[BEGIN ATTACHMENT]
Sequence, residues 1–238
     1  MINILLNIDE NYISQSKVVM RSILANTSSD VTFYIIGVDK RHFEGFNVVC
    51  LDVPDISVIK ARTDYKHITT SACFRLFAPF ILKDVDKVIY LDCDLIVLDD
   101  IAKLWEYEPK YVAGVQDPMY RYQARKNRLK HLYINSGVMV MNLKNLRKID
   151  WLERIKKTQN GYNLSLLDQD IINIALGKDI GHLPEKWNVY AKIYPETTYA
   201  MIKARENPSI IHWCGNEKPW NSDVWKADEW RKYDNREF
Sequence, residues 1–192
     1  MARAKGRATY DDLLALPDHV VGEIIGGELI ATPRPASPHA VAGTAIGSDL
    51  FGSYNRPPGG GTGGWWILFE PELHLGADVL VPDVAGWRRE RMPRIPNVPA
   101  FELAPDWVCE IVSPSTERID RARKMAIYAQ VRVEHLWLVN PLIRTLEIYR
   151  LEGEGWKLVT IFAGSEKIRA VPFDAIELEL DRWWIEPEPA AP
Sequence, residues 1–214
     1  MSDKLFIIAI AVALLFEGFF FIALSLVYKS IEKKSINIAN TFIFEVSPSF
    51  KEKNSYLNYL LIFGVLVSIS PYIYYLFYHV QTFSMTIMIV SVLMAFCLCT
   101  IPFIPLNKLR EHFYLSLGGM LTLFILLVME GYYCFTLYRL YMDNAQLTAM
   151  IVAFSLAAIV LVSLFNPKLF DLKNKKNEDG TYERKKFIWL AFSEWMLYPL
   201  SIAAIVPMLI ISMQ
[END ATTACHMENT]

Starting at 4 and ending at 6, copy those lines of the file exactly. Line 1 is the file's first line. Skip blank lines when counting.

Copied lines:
   101  IAKLWEYEPK YVAGVQDPMY RYQARKNRLK HLYINSGVMV MNLKNLRKID
   151  WLERIKKTQN GYNLSLLDQD IINIALGKDI GHLPEKWNVY AKIYPETTYA
   201  MIKARENPSI IHWCGNEKPW NSDVWKADEW RKYDNREF